do foreign need a work permit for buskin?
Hi, are there age restrictions to receive the permit? My friends and I are members of a c=competitive breakdancing crew, our ages range from 13-16 and we’re interested in busking throughout most of the year. Would it be possible for us to get a permit?
Hi, are there age restrictions that need to be met to receive a permit? My friends and I are members of a competitive breakdancing crew and are interested in busking, our ages range from 13-16 years old. Would it be possible for us to get a permit?
can you please tell me if this allows to to play in the METROS AS WELL??
Hi Dawn. I’m in the process of plotting my course across Canada for 2020. My plan is to perform in as many busker friendly cities as possible and Montreal is on my list. Can you tell me if I need a permit, how much it costs and how do I get one? Thanks!
Well, shoot! I see how much it cost. I was planning on being in Montreal for only one or two days. $160 + $50 Is waaaaay to much to pay for a two day visit to the city.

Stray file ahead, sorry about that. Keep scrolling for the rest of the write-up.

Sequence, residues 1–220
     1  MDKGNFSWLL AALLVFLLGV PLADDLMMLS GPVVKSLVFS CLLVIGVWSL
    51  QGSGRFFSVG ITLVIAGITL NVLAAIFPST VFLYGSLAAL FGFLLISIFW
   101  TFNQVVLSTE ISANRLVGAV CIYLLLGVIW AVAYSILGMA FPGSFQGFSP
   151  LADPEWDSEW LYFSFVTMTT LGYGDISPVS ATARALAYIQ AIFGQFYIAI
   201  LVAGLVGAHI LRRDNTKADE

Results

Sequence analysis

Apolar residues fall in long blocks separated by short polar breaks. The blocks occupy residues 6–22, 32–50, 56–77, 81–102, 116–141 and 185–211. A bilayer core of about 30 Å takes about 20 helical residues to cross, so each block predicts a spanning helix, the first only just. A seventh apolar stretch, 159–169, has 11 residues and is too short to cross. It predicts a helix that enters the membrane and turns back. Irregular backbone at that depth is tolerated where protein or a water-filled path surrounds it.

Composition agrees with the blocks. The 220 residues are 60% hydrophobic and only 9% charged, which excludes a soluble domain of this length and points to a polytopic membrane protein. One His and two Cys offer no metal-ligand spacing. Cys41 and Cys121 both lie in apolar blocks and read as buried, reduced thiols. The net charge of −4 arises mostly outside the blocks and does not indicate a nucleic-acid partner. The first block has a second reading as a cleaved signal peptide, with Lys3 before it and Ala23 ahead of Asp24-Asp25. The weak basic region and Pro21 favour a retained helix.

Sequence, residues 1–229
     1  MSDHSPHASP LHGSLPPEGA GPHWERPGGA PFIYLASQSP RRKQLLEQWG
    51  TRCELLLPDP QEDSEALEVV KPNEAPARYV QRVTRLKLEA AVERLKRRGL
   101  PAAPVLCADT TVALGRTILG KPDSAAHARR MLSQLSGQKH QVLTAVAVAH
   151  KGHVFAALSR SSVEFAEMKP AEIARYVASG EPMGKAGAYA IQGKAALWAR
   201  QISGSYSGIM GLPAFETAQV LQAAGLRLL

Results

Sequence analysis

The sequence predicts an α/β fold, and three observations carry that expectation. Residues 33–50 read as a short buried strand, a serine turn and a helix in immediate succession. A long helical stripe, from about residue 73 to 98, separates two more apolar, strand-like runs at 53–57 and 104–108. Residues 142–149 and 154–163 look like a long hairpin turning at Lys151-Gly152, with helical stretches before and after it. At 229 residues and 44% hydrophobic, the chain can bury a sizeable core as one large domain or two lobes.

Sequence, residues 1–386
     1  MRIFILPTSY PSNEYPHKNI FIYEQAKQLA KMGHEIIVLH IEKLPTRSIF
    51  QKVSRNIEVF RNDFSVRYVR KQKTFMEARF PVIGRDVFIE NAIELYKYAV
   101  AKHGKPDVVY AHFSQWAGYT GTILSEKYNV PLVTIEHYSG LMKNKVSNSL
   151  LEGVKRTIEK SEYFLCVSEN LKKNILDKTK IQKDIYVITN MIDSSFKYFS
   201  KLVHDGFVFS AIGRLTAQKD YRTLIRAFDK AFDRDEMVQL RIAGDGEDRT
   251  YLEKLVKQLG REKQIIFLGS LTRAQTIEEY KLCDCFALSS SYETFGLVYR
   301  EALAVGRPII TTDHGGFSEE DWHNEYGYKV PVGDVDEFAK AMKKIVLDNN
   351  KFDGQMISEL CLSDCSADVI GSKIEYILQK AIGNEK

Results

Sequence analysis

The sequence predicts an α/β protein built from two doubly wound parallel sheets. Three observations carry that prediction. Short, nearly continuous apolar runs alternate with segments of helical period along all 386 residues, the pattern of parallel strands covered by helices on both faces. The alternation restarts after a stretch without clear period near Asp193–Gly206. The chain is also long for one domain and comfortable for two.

Duncan, at this point I’m doubting you’re still considering traveling this summer. But for the future, if you’re just in town a couple days you can go busking downtown or the Plateau (not the Old Port) without a permit: Just be respectful as possible, don’t use a loud amplifier, and if the police ask to see a permit, be friendly with them, apologize and let them know that you’re just traveling through and if they can offer you advice. They most likely won’t issue you a fine (and as you can see, a permit would cost the same or more).
You can also busk in the metro stations without a hassle as it doesn’t require a permit! There are some nice stations downtown to play indoors for tourists (at least there were before the apocalypse).
All the best. 🙂
Hi, I just want to perform on quiet streets in my Montreal Plateau neighbourhood near cafés or grocery stores purely for entertaining passers by, with permission of local shop owners. I do not want to receive any handouts and am not trying to draw a crowd. I will refuse any handouts. Do I need a license? Thanks for the info!
Do you know what the rules are to obtain a busking permit, as a musician, in 2021? Thank you.